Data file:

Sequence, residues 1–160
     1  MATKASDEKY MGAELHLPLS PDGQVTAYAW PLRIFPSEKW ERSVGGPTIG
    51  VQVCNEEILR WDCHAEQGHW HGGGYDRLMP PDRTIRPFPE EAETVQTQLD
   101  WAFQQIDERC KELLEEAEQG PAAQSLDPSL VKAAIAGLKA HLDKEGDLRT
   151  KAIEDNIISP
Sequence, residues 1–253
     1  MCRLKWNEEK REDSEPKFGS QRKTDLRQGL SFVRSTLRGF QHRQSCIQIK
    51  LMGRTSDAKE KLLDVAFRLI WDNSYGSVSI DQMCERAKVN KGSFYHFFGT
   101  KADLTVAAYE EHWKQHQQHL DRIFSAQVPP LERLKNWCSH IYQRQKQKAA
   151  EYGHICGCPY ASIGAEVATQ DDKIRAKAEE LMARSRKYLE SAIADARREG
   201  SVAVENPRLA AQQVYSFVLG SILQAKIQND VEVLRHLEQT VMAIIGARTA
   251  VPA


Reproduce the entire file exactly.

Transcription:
Sequence, residues 1–160
     1  MATKASDEKY MGAELHLPLS PDGQVTAYAW PLRIFPSEKW ERSVGGPTIG
    51  VQVCNEEILR WDCHAEQGHW HGGGYDRLMP PDRTIRPFPE EAETVQTQLD
   101  WAFQQIDERC KELLEEAEQG PAAQSLDPSL VKAAIAGLKA HLDKEGDLRT
   151  KAIEDNIISP
Sequence, residues 1–253
     1  MCRLKWNEEK REDSEPKFGS QRKTDLRQGL SFVRSTLRGF QHRQSCIQIK
    51  LMGRTSDAKE KLLDVAFRLI WDNSYGSVSI DQMCERAKVN KGSFYHFFGT
   101  KADLTVAAYE EHWKQHQQHL DRIFSAQVPP LERLKNWCSH IYQRQKQKAA
   151  EYGHICGCPY ASIGAEVATQ DDKIRAKAEE LMARSRKYLE SAIADARREG
   201  SVAVENPRLA AQQVYSFVLG SILQAKIQND VEVLRHLEQT VMAIIGARTA
   251  VPA